Our Principal, John Bowers, shares more thoughts on his time at the College.
In the first Graduate Dinner of this Academic Year Anna Buckley, Producer of the The Life Scientific which goes out on BBC Radio 4 gave a terrific address about her career generally at the BBC and her role in science programmes in particular. She communicated perfectly her zest for the subject and enthused all graduates who were present, scientific or otherwise. Our brilliant Tutor for Graduates Professor Elspeth Garman presided and has herself been a guest on the programme.
On Remembrance Day, which was also the day that Leonard Cohen died, we held our Freshers’ Concert in the Antechapel. Emily Matsagoursa, Adam Husain, Katie Ramsay, Sarah Hughes, Natalie Maalouf and Jennifer Law were quite brilliant and represented several different musical genres. The concert ended with Samuel Miller-McDonald playing Leonard Cohen’s anthem Hallelujah, which somehow seemed really appropriate to be played in our beautiful antechapel.
The Ellesmere Dinner is the annual dinner of the Brasenose Law Society. Some 90 people (tutors, students and alumni) heard a brilliant address by Judge Burke, a Brasenose alumnus who was one of the foremost employment laws advocates of his generation. He later became a circuit judge and still serves on the Parole Board. He gave a fascinating account of his life and sought to persuade students to at least think of the Bar as a career as opposed to the more straightforward (and more immediately lucrative) trajectory of solicitors’ practice.
The chapel was packed for the very moving Remembrance Sunday service. I read from the extraordinary Rupert Brooke poem as we settled down for two minutes silence. Carole Bourne-Taylor our French tutors delivered a fascinating sermon on the Ethics of Mourning.
C J (‘Jonty’) Driver launched his book “Some Schools” in my offices. He taught at a number of great schools in the UK and overseas, including Sevenoaks, Wellington College and Berkhampstead (the last two of which he was the Head) and also at mine, Matthew Humberstone Comprehensive School in Cleethorpes, Lincolnshire. He describes his very varied teaching career in the book, which is published by John Catt, and is an excellent read. Besides teaching, Jonty Driver was a noted political activist in South Africa’s struggle against apartheid and of his four published novels, two were suppressed by the South African authorities. He had been in ninety day detention before coming to England. It was something of a coincidence that I met Pippa Sandford the daughter of Sir Arthur Norrington (1899 – 1982) who ran Oxford University Press and then was President of Trinity (I954-70) at the launch. Besides the famous room at Blackwells Book Shop, he lent his name to the Norrington Table, the final version of which promotes Brasenose to 7th place, as a further First was confirmed over the summer. I must issue an erratum from one of my earlier blogs but one of the best type. Regular readers (yes there are a few of you!) will recall that I said that we had come 8th in the Norrington Table.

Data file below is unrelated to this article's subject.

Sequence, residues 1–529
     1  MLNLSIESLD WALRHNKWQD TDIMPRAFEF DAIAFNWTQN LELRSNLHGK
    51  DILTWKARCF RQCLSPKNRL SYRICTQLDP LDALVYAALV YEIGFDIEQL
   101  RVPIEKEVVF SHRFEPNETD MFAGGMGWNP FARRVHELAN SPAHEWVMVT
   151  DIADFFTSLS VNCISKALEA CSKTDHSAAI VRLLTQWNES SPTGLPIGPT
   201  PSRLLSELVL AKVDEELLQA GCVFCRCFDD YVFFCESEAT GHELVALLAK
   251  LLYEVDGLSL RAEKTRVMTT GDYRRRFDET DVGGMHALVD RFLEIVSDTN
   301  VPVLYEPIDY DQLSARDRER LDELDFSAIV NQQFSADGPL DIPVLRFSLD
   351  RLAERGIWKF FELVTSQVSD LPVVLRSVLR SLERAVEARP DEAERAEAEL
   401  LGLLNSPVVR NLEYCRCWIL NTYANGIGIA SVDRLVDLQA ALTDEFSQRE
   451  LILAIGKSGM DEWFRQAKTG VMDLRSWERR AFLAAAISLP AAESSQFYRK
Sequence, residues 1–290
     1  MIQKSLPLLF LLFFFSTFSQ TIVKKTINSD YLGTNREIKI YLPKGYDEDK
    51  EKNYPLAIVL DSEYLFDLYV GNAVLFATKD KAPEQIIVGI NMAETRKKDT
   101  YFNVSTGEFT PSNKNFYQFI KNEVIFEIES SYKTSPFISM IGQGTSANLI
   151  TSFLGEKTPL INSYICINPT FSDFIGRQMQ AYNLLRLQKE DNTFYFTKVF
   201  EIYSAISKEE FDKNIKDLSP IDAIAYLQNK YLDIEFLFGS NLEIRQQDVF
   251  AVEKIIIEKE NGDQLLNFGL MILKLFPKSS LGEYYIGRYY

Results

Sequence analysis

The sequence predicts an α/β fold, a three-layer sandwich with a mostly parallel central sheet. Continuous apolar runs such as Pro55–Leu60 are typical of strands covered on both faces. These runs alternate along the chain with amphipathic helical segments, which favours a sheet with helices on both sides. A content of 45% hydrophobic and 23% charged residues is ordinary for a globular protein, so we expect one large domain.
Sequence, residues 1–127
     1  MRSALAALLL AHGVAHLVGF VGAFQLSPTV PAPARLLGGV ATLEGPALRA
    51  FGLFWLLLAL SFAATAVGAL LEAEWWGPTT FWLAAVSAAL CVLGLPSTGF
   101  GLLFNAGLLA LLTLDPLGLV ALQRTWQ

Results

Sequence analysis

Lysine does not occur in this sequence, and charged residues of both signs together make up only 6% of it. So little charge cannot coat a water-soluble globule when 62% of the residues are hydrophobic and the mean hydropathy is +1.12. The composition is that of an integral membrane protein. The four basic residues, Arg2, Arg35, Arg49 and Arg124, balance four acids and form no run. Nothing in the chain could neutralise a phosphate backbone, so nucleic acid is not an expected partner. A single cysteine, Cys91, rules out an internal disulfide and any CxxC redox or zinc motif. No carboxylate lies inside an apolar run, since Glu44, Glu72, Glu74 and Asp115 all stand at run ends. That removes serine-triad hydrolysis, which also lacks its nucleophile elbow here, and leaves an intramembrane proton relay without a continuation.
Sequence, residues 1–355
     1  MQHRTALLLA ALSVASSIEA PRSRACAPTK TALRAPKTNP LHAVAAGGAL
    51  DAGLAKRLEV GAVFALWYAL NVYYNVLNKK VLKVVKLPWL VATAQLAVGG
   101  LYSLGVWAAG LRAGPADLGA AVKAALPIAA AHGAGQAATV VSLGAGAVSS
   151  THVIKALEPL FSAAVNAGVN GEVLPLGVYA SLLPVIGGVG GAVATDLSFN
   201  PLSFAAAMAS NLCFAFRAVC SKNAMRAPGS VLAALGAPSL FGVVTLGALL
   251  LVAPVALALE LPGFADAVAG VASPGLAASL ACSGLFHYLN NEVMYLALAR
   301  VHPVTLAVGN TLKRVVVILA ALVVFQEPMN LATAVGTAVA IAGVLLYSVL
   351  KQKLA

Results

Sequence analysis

It is difficult to convey the enormous range of activities during term in Brasenose but I will try:
“Keep the Damned Women Out"
We held the launch of women book by Nancy Weiss Malkiel “Keep the Damned Women Out” about the epic battle for coeducation, which we now so much take for granted. The book looks at the efforts to gain co-education on both sides of the Atlantic and has copious references to Brasenose which was of course in the first wave of Oxford colleges to go mixed. There are several interviews with tutors from the time, many of whom we still see often, such as Graham Richards and Simon Altman. The book quotes the student report in Brazen Nose 1975 as saying “the introduction of nose women led to a greater level of conversation at breakfast and a civilised atmosphere with no more stale dinner rolls bring thrown around at dinner”.
We had a visit from Johnny Arkush the President of the Board of Deputies of British Jews and an old friend of mine. He spoke to an assembled group at the offices about difficulties encountered by some Jewish students on campus. He balanced this with an acknowledgment of the enormous tolerance of British society compared to some others.
Ken Durham Memorial
I represented the College at the very moving service held at University College School for Ken Durham the former head. He was a Brasenose alumnus whose contribution to the school of which he was head for many years was enormous. There were moving tributes from people of all ages. Probably the most poignant was from a boy who was not one of the best students but whom Ken really inspired.